In the fast-churning world of small-business-focused digital start-ups, Yodle’s nearly eight years in the business already make it a bit of a veteran player among those providing marketing services and advertising assistance to SMBs. While the company may not be the best-known name in the field, Yodle now works with over 30,000 small businesses across the country and its 2012 revenue topped $100 million — a more than 40 percent spike from the previous year. Meanwhile, Google recently named Yodle its No. 1 mobile partner for SMBs.
Street Fight recently caught up with Yodle CEO Court Cunningham to talk about the future of mobile advertising, why small business websites are still so important, and why the company is trying to arrange a partnership with Facebook.
You’ve been working closely with Google lately. How did that partnership come about?
Google is focused on helping small businesses grow their online advertising. We do websites, SEM, SEO advertising, reputation management, dashboard. We’ve had a relationship with Google for seven-plus years. As a result of that and as a result of our approach to data-driven algorithmic optimization of marketing campaigns, they recognized our level of sophistication as well as our revenue growth. When they relaunched the partner program, they asked us to be in the program.
What do you get out of the relationship?
The benefit to us is a little bit of credibility when we are talking to small businesses, but it’s mostly access to their product teams for things that are coming up so we can respond to those quickly.
We were one of the first [companies] to use local ad extension, which is an ad format for mobile. Once we saw the efficacy of mobile advertising, we built a whole module of our product around mobile that includes dedicated mobile websites that veer off of your desktop site, dedicated mobile bidding, and dedicated mobile ad formats. As a result of that, we won a Mobile Champion Award from Google at their end-of-year mobile partner conference in December. That’s a great example of the partnership and how that helps us advance into mobile quickly and then our data-driven approach.
The big talk in local these days is around mobile. Do you have plans to invest further in the space?
On the advertising side of our business, yes. Mobile is clearly the growth driver. Almost 40 percent of the leads we generate come from mobile devices, which is roughly equal to the penetration of mobile searches.
But we’re also seeing growth on the non-advertising side. We have two products, Yodle Organic and Yodle Web, which are basic web presence products; you get the ability to see what is happening with your business online and to juice it with some SEO. If you survey small businesses, what you’ll see is that everyone wants a better website and everyone wants to be on Facebook but doesn’t really know how to use that.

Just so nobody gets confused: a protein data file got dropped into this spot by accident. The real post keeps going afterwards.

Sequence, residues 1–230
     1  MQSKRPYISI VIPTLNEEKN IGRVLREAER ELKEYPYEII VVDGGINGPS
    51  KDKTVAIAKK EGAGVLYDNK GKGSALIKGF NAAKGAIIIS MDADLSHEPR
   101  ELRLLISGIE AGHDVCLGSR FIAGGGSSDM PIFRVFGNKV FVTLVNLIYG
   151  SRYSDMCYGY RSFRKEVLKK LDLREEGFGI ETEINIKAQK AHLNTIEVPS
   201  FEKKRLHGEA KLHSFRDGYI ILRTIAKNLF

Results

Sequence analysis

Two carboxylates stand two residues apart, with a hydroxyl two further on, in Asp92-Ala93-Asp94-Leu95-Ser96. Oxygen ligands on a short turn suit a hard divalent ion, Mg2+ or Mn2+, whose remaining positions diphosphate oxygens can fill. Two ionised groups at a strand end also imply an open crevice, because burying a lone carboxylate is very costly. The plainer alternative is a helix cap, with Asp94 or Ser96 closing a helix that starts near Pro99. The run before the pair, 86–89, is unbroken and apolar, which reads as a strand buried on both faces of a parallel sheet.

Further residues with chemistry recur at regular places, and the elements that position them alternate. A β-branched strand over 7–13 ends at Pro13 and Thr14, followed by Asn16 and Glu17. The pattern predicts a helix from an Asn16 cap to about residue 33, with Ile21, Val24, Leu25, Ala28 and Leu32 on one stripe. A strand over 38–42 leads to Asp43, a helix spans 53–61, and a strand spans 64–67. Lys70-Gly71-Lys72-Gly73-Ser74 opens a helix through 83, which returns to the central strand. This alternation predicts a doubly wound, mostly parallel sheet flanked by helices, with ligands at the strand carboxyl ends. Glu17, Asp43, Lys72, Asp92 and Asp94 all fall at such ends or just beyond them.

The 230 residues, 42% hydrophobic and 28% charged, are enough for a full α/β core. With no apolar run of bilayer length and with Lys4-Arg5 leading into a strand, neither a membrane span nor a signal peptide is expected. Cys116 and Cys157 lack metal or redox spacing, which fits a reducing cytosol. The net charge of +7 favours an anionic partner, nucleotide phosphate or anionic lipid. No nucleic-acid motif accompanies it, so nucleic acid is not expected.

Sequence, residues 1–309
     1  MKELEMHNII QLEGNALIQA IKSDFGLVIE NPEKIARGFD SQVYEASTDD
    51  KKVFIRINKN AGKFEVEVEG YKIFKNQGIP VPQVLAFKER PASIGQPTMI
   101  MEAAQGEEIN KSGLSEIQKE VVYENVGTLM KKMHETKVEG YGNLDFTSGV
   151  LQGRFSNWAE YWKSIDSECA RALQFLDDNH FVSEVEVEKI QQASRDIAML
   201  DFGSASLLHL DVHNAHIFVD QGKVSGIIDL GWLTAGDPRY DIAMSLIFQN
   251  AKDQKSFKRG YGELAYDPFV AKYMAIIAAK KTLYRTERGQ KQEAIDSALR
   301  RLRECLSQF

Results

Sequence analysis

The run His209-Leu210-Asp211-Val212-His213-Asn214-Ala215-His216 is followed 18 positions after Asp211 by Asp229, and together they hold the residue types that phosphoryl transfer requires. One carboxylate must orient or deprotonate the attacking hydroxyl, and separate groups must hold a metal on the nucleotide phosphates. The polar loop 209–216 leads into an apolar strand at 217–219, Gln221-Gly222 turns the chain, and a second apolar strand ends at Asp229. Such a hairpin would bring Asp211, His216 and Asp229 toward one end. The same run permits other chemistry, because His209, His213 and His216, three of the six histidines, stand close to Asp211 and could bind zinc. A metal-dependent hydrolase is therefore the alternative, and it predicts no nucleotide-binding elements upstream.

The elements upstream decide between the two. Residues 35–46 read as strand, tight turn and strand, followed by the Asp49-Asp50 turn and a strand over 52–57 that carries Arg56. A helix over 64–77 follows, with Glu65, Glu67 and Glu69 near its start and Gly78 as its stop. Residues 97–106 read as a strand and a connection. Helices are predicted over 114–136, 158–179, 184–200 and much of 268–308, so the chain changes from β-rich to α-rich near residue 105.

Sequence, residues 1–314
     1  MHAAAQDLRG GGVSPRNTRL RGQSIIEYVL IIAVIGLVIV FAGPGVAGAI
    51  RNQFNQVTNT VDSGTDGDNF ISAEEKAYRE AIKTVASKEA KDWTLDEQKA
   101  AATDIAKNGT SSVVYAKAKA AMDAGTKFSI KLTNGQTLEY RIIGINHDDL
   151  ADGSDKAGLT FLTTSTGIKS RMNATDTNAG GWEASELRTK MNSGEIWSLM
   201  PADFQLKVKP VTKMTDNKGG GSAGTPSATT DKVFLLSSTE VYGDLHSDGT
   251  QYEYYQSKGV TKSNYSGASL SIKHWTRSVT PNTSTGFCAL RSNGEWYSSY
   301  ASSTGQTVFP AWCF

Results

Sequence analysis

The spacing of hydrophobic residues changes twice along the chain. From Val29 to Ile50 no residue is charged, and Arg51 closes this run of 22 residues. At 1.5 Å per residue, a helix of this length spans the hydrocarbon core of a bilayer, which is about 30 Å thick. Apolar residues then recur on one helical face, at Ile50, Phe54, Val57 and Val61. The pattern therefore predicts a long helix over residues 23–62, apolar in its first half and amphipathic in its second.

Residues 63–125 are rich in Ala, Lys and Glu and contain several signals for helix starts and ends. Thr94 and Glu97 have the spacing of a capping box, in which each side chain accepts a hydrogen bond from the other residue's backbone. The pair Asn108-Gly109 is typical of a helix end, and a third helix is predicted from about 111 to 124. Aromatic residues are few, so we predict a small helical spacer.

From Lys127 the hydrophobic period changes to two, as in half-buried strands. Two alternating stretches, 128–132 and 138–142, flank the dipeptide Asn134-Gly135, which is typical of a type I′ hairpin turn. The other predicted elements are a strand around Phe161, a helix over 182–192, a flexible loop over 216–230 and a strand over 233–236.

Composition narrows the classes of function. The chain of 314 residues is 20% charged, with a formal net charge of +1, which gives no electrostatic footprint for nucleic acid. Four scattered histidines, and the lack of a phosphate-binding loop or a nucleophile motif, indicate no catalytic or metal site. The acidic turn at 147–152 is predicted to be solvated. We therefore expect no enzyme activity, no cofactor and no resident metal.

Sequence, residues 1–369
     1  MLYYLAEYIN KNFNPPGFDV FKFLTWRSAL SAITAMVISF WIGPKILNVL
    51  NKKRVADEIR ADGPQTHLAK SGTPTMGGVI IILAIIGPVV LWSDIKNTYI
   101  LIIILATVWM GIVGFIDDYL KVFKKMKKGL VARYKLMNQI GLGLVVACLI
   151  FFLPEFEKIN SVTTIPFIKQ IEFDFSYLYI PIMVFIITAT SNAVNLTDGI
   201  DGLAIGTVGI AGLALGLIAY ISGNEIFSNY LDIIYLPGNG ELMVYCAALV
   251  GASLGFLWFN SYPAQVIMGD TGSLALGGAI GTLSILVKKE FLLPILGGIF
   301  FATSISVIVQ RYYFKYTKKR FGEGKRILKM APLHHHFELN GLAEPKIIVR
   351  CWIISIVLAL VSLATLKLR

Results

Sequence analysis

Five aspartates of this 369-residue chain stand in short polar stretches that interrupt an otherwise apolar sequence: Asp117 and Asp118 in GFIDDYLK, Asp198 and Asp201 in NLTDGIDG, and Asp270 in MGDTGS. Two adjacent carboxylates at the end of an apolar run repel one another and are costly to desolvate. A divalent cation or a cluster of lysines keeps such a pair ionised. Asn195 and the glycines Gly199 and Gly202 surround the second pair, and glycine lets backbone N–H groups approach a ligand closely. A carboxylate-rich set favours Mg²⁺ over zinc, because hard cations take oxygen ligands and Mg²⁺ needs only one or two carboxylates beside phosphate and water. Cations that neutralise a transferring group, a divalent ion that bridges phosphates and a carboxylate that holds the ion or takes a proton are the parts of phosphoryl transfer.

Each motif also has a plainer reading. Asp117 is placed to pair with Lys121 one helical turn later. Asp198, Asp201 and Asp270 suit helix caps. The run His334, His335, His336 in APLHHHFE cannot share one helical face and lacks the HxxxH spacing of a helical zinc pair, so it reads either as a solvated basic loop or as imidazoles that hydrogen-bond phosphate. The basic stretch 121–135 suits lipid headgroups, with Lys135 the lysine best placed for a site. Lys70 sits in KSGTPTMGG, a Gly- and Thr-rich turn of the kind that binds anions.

Right now, we aren’t doing anything with social, but we are doing a lot on website development. It’s basic — so 2000! — [for us] to be doing websites; but it’s [a small business'] basic presence. Our websites convert at three times the rate of the average small business website and we think we can actually increase that while making them aesthetically pleasing.
During an interview with Bloomberg in June, you said that you’ve positioned yourself as the “marketing department for small businesses” and that 80 percent of your clients have less than 10 employees. Is that still the case?
It absolutely is. There are tools out there like AdWords or Facebook Ads, but the problem is that you need a full-time person to use all those tools. Bigger companies might have a marketing person on staff. But my dentist’s office [consists of] two dentists, a hygienist, and a receptionist. No one in that office has any time to do all that. We focus on the small business that is time starved and doesn’t have a lot of marketing knowledge but is absolutely trying to manage their online marketing.
Any plans to work in the social space?
This year, hopefully in the first half, we’re going to be launching a retention-marketing product. Once we launch the retention-marketing product, very quickly thereafter we see adding in social as a retention-marketing channel. We have lots of anecdotal evidence from our customers that it works.
We tend to work more with service businesses — dentists, lawyers, contractors — and those are generally not the kind of things you talk about with your friends. You don’t go to a party and talk about your bankruptcy attorney or your pest control guy. You talk about the restaurant you went to or the sports event you went to. But we do think for retention we can get social to work. We may pivot that into acquisition for segments that we don’t work with now. Facebook has made a big commitment with social search and we think that they are going to be a major player and we want to figure out how to work with them.
Noah Davis is a senior editor at Street Fight.